Choosing the Shape of Your College

Monday, May 6, 2013

Choosing the Shape of Your College

High school juniors who are college-bound can expect to be wooed by many, many colleges and universities. For those rare few who know exactly what they want and how to go about getting it, this article will have no other merit than just thoughtful fodder. For the vast majority of high school students in the midst of deciding on whether to choose a small college or large university, this article may help shed some light on the often neglected option: the small college.
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Student admissions can be set at a higher standard at a small college; however admission counselors at smaller colleges are looking for unique personalities and not just the test scores. Small colleges often allow students whose test scores may not be top-notch, but whose personalities are unique. They look for the student who they think would thrive within the small campus environment. Small colleges can be a fantastic place for a student who would feel overwhelmed by a larger campus. This is something an admission counselor can recognize in most students whom they interview.

Teaching Strategies

For students who appreciate a more personal experience with others, and cherish long discussions with instructors, a small college is perfect. Small colleges not only offer smaller number of students, they also offer professors who actually teach the class instead of an assistant! In a smaller learning environment, chances are you will not experience the anxiety of a professor who is involved in research; you will find professors who are thoughtful and responsive to you and your questions. Also, expect to see small-college faculty at student events outside of the classroom.

Professors at small colleges often use their own creative and innovative pedagogies. For those students who are flexible about how learning and teaching can be reciprocal by nature, a small college may be perfect. A professor at a small college who is teaching a group of 12 to 14 students, notices students who are struggling or not attending the class. A student at a large university is virtually invisible in a giant lecture hall that seats thousands of students.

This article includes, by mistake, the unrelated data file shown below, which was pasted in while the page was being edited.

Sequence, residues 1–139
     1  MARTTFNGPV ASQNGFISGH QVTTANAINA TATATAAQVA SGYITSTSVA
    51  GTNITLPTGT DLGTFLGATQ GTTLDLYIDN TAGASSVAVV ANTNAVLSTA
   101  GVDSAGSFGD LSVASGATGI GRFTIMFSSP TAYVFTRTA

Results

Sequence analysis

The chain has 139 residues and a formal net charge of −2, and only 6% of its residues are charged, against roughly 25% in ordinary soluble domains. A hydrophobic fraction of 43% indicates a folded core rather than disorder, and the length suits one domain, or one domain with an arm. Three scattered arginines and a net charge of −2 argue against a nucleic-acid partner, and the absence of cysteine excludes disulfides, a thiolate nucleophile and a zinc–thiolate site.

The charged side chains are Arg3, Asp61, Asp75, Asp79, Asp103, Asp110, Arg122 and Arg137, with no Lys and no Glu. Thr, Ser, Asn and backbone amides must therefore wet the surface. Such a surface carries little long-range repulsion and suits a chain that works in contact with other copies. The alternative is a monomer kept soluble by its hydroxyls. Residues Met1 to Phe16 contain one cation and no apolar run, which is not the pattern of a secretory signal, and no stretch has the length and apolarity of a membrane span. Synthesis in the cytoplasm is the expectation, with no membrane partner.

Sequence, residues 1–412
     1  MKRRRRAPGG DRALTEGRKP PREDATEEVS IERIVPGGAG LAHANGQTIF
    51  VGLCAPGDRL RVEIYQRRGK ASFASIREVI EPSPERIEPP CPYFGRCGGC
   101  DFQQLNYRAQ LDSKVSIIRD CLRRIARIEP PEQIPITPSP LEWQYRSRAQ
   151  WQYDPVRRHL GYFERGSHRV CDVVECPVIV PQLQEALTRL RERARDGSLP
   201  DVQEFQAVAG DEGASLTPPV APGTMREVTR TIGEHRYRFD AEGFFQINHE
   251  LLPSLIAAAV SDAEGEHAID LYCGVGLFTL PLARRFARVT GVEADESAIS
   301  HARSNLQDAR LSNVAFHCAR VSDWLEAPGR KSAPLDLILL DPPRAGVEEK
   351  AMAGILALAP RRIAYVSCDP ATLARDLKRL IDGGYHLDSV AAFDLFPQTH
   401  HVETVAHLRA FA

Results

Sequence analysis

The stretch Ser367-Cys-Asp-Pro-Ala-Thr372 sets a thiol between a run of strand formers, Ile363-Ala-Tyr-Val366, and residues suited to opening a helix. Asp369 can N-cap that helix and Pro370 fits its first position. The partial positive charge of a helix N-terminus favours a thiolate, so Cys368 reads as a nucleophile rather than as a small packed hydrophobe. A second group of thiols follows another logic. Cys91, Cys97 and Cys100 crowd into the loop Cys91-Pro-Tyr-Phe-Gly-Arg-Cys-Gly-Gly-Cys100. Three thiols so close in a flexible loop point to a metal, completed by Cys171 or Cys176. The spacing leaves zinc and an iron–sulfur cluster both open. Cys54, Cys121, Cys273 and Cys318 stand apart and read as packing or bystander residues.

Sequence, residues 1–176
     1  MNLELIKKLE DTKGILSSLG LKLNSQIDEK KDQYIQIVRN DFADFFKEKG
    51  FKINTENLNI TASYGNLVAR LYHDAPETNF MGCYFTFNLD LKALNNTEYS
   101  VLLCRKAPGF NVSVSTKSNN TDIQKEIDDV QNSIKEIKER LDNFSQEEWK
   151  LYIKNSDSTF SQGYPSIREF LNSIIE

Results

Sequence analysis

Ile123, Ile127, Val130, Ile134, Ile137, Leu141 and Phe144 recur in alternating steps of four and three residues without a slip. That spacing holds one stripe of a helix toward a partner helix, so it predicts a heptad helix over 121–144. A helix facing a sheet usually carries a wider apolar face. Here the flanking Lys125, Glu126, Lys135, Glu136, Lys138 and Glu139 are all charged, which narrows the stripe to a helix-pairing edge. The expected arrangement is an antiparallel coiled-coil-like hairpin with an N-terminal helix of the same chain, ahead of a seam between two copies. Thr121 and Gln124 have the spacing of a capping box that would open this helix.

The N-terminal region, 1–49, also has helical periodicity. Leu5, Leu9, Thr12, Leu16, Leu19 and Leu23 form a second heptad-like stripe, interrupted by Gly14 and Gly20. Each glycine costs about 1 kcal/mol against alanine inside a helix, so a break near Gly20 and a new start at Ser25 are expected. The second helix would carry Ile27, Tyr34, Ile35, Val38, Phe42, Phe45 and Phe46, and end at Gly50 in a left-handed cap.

“Getting lost in a crowd,” is a reality on large campuses. Many students may become frustrated and worried about finding their way around the jumble of buildings that typically make up the physical grounds of a large university. Since a small college is usually defined as one in which there are approximately 2,500 students, the campus area will be proportionate to that number. A small physical environment, one in which a student can easily navigate from building to a building, can create a friendly and calming effect, this may lead to an introverted student becoming more participatory.


At a small college, there is a greater chance that a student can individualize his or her major. Since faculty and staff members know each other, there is open communication between all parties. This candid openness is ideal for partnerships and collaborative efforts between the student and many different departments.

Examine the Pros and Cons

It’s best to keep in mind that small colleges are not for everyone. A student should review all his options. Here is a list of pros and cons for a student struggling with the question of whether to attend a small college or a large university. Students should try to come up with their own lists as each will look for entirely different components.

Small College Pros

Personal, unique admission process
Professors usually involved with students on campus
Everyone knows everyone
Navigation is easier
Faculty is sensitive to the needs of each student
Generally, a unique, personalized teaching methodology with the added benefit of designing your major

Small College Cons

Not as many majors from which to choose
Research facilities cannot provide as many resources 
Fewer scholarship opportunities
Meal plans are not as fancy
Less social activities and far fewer clubs

About the author-

Daniel Phillips is a professional blogger. He provides news and information for art and design colleges and institutions.

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